NTEU to vote on USyd Open Day strike and picket

Nick Riemer, president of NTEU’s USyd division, has announced that a vote will soon be taken to strike and strike on USyd’s Open Day, Aug. 27, if the university continues to meet staff demands.

The motion comes in a series to be voted on at Tuesday’s NTEU meeting as USyd’s Enterprise Bargaining Agreement (EBA) negotiations enter their thirteenth month after 20 failed negotiating meetings with the university board.

The new strike motions proposed for Semester 2 follow three strike and picket days in Semester 1. The strikes address the university’s failure to follow the union’s 2021-2022 EBA report of claims that was first approved by more than 400 NTEU members in July last year.

Union demands include: enforcement of the 40-40-20 work model (research-education-administration), an end to redundancies, an enforceable 3 percent target for First Nations employment by 2024, 30 days of paid annual gender transition leave, recognition of, among other things, the experience of disabled staff and a pay increase above inflation.

In a mail sent to all academic staff at the university, Riemer said: “It is a pity that this [further industrial action] has become necessary. The NTEU is committed to completing negotiations on the Enterprise Agreement … as soon as possible.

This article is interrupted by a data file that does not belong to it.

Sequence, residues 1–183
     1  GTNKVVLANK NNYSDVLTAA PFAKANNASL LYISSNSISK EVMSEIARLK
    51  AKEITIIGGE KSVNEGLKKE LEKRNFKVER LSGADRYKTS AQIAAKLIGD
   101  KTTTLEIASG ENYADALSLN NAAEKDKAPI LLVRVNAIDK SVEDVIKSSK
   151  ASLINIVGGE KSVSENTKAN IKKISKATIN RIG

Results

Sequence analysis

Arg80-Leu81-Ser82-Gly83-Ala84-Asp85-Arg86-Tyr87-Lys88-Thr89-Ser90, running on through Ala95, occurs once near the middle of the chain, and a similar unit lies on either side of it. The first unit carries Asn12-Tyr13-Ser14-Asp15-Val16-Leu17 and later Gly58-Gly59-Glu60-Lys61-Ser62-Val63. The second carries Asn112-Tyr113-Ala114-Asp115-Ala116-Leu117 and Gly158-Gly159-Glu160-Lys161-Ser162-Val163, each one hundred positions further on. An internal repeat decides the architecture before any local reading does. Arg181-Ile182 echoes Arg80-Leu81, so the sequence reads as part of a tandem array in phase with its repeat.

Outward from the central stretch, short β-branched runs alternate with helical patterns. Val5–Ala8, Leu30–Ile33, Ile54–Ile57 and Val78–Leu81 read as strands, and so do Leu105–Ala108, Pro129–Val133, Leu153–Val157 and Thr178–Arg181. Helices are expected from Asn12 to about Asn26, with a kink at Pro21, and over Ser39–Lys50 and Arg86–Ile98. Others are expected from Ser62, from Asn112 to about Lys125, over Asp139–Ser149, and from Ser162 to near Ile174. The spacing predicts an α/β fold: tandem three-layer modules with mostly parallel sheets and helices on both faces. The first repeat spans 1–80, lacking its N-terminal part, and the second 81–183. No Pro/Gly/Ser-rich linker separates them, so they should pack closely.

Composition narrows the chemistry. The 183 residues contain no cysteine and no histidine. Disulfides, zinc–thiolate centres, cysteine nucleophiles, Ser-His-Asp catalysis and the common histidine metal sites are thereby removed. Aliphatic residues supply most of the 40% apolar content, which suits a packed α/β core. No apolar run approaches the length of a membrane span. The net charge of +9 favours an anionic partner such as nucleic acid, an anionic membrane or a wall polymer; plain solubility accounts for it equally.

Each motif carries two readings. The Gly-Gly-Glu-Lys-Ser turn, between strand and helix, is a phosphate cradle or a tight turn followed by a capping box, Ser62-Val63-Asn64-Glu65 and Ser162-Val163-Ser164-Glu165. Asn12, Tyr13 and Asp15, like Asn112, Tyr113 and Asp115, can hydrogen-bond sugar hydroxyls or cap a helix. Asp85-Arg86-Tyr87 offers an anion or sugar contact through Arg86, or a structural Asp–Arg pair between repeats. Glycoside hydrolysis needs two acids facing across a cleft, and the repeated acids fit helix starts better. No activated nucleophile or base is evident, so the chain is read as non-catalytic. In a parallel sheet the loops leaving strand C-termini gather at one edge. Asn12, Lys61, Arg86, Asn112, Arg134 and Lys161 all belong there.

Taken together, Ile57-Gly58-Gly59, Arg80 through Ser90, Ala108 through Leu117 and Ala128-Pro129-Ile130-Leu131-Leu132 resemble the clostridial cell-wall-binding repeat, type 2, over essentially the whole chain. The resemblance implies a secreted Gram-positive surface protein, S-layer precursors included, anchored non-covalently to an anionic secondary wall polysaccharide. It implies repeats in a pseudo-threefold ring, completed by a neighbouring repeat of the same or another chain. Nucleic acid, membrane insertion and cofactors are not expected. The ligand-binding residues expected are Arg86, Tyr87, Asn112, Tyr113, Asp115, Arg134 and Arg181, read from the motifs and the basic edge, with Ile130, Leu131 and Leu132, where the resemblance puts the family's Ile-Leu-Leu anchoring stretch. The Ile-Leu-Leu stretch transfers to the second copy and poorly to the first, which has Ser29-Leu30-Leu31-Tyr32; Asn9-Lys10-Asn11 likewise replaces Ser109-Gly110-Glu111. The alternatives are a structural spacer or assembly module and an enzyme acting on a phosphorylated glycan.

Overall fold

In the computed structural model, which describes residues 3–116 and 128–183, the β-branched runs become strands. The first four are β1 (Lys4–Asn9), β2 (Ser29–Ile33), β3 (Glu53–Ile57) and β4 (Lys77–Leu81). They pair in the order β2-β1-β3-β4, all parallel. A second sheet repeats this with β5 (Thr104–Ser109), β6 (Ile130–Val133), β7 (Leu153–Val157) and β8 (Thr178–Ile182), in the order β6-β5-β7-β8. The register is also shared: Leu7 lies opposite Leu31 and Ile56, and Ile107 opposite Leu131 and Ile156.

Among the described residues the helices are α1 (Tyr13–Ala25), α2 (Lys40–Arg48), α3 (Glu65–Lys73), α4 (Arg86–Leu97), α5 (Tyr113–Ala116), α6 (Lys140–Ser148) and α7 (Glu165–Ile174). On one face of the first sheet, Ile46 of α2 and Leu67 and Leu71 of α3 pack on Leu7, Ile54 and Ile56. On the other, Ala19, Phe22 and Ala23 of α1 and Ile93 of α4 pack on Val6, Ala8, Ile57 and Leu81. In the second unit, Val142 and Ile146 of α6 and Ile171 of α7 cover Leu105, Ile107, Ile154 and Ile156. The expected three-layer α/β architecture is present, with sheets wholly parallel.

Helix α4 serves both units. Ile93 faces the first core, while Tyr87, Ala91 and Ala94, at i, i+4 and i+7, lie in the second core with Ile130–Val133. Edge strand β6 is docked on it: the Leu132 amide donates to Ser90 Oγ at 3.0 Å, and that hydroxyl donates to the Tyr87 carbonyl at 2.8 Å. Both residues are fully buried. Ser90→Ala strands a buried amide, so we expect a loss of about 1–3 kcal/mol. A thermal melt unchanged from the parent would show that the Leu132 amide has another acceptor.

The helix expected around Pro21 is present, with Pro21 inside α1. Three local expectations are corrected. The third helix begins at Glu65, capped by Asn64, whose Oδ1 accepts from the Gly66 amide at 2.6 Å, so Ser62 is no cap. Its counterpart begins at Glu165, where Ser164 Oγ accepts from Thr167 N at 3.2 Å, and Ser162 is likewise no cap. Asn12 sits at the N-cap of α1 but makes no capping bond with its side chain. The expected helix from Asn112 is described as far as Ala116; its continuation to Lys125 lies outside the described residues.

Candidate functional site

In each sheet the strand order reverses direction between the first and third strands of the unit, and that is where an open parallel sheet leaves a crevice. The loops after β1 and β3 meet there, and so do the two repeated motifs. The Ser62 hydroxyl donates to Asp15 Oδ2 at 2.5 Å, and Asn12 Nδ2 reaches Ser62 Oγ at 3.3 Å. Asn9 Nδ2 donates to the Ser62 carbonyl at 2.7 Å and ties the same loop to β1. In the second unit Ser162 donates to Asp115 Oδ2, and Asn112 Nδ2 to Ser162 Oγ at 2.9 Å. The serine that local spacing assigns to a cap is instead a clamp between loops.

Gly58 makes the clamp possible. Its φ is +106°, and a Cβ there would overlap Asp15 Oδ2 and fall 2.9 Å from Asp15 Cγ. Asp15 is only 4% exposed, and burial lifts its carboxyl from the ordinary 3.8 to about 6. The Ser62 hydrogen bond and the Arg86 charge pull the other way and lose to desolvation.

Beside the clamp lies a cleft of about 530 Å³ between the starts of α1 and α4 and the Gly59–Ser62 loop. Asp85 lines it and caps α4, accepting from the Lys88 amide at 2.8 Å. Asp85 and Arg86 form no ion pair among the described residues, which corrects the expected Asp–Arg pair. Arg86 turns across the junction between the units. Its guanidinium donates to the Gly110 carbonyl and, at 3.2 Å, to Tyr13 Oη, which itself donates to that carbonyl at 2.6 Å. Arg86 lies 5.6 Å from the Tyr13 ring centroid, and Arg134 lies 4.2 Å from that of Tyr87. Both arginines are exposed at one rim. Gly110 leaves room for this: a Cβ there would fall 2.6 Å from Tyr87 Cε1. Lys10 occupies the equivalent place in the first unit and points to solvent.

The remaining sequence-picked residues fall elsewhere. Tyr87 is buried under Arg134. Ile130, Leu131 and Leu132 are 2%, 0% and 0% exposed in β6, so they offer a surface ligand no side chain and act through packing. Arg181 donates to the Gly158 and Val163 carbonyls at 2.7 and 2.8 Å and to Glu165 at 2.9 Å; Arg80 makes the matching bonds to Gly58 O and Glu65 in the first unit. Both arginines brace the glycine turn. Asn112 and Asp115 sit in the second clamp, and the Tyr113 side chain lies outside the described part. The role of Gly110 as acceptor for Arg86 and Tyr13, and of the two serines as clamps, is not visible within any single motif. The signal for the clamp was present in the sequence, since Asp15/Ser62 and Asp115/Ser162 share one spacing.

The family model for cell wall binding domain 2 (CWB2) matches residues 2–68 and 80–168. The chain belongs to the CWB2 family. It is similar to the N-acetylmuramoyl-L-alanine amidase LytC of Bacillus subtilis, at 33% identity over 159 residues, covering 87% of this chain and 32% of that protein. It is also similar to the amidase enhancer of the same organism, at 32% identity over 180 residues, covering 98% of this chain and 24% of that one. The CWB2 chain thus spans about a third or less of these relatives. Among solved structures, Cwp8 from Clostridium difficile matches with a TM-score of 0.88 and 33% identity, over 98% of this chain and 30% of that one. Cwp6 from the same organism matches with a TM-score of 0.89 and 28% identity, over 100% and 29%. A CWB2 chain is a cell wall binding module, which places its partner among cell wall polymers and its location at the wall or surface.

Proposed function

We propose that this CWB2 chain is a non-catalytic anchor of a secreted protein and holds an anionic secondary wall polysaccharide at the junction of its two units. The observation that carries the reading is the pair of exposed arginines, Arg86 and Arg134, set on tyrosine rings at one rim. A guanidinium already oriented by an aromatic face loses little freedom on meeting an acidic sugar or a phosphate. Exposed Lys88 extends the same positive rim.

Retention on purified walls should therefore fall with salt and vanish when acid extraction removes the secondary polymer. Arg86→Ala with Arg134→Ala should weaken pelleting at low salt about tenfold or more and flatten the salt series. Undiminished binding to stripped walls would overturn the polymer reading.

The first strike motion calls for a strike and picket on the university grounds on August 17. The motion notes that, despite a $1.04 billion surplus recorded in 2021 and Vice Chancellor Mark Scott bringing in a salary of nearly $1 million, academic staff continues to be plagued by “job insecurity, overwork, permanent organizational changes, mismanagement and threats to academic autonomyā€¯.

Furthermore, the motion notes that the administrative pay increase of 2.1 percent is “an effective 4 percent pay cut” and “a huge loss of salary in real terms” due to inflation. In passing motion one, the industry will also note that although “management has started in the right direction on some points” since the three days of strike in Semester 1, the university has failed to address the “key union priorities” to fulfill.

Moves two and three define the duration of the strike as 24 or 48 hours.

The fourth motion in particular calls for a strike and picket on Saturday, August 27, the university’s Open Day for prospective students. This strike will therefore only take place if the university board continues to refuse the demands of the NTEU after the proposed strike on 17 August.

As one of the USyd’s busiest days on the Camperdown campus and the first of its kind since 2019, the threat of a strike and a picket could tempt the university to finally finalize EBA negotiations.

If no agreement is reached between the union and the university, the fourth motion forces the industry to take further union action later in Semester 2.

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